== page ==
Yes, some Italian provinces are untrammeled by tourists. Two are Le Marche on the Adriatic and Umbria west of it, each with an array of pristine historic villages to be discovered.
Start with two nights in little Norcia, struck by an earthquake in October ’16 and being rebuilt. It’s hidden in the Apennines and home to some of Italy’s top salami makers which you’ll learn about. Recanati, near the Adriatic, is probably not one of people’s must-sees. Here it’s a pasta lesson with Miranda of Italian TV’s “La Prova del Cuoco.” She speaks no English, but no matter, not a problem. There’s also a vineyard wine tasting dinner.
Going up the coast near Urbino, explore the magnificent Frasassi Caves, only discovered in the ‘70s with huge, high ceiling galleries, luminescent stalagmites and stalactites and a small emerald-colored lake.
Three nights are on a farm managed by two sisters-in-law. Their grandfather raises gold-medal winning pigs (you can visit them). It’s not your typical farm. There are: olive groves; a vineyard; two swimming pools; a tennis court; lovely comfy, country-style accommodations; and, yes, the pigs not too far away.
In tiny Urbino, your palace guide, a medieval history professor, explains why their beloved duke was always painted from the left. Wander San Marino’s hills and history, one of Europe’s tiniest countries. The pièce-de-résistance can be the day hunting truffles, that terribly expensive delicacy, then cooking your lunch with a Michelin-starred chef.
The picturesque hill town of Gubbio is on the way to a castle going back to the Etruscans, outside Perugia. Have a must-see visit to beautiful Assisi, Pope Francis’ namesake-hero’s hometown and basilica. Solve Perugia’s unsalted bread mystery, see its underground city and savor its chocolate. Yes, one morning at Perugina, play with that luscious liquid, make your own truffles and learn its fascinating history.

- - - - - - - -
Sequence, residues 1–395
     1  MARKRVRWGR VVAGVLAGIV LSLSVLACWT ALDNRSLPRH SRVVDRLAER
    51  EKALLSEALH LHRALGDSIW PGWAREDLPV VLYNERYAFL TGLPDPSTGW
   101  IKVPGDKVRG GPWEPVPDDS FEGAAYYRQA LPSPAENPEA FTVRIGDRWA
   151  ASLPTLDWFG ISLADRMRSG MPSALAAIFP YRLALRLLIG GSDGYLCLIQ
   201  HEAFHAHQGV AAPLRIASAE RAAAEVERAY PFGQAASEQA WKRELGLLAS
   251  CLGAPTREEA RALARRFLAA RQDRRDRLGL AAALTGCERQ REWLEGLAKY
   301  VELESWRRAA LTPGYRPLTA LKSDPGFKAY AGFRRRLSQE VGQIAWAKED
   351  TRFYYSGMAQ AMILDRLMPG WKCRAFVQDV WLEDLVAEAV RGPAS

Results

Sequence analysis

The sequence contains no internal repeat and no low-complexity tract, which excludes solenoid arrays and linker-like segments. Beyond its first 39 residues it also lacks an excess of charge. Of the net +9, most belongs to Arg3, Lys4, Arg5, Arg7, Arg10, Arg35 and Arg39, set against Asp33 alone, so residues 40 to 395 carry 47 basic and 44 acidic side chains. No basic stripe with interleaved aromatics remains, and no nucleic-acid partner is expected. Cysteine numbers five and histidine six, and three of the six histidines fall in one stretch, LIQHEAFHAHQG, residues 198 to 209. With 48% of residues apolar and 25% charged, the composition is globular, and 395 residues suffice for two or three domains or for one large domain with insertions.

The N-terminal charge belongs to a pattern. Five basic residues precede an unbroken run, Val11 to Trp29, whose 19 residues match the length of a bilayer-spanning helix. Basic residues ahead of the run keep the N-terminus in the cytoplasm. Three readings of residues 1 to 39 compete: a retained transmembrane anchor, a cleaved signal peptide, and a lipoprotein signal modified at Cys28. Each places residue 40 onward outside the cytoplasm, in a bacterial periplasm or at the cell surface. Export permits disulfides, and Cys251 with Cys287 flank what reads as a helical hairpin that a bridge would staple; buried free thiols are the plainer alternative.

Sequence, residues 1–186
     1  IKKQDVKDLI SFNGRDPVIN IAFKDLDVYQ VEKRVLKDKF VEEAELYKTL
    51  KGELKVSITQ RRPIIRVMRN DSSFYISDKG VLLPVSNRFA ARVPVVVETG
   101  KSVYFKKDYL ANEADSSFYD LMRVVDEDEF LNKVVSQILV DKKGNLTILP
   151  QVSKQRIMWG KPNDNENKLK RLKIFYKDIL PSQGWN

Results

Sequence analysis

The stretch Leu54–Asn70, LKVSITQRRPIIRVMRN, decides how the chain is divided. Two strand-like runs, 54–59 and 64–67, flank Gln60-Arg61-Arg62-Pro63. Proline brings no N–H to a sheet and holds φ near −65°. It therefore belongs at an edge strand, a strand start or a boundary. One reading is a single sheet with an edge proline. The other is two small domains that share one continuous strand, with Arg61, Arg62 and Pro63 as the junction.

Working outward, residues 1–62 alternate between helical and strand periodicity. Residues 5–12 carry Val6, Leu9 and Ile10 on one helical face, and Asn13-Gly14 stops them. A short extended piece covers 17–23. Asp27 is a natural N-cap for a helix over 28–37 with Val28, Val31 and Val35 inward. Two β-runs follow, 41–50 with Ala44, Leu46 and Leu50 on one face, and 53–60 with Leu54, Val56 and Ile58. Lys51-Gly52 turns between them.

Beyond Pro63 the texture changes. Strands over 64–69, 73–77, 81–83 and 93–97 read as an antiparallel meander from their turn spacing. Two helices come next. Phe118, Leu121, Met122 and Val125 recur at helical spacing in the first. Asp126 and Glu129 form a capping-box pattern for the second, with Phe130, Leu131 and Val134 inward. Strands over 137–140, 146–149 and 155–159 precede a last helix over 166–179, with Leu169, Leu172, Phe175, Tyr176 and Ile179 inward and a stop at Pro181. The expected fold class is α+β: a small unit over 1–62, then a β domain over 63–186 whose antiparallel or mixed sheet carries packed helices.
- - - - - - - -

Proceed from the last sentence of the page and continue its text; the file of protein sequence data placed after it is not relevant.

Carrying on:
Lastly discover two of Italy’s tufa-topped geological wonders: Orvieto and Civita di Bagnoregio. You may’ve heard of thriving Orvieto drawing visitors to its famous cathedral. Little, barely known Civita di Bagnoregio is a tiny jewel, going back 2,500 years. Ongoing erosion of its clay palisades endangers its existence. Homes sometimes slide off its precipices. Today a dozen people live there in winter, maybe 100 in summer. Before heading home, Rome calls, a must and one of my favorites!
PRACTICAL TRIP INFO
- Length: 13 days best in the cooler months of April/May and late August/September
- Included transportation: Private transfer throughout
- Hotels: Four & five-star superior plus an Agri-tourism farm
- Also Includes: Daily breakfast, 5 lunches, 3 wine tastings, 7 dinners, & 9 culinary adventures; and 6 guided tours
- Estimated land package price based on double occupancy & at $1.17/€: $6,100.00/person based on 8 travelers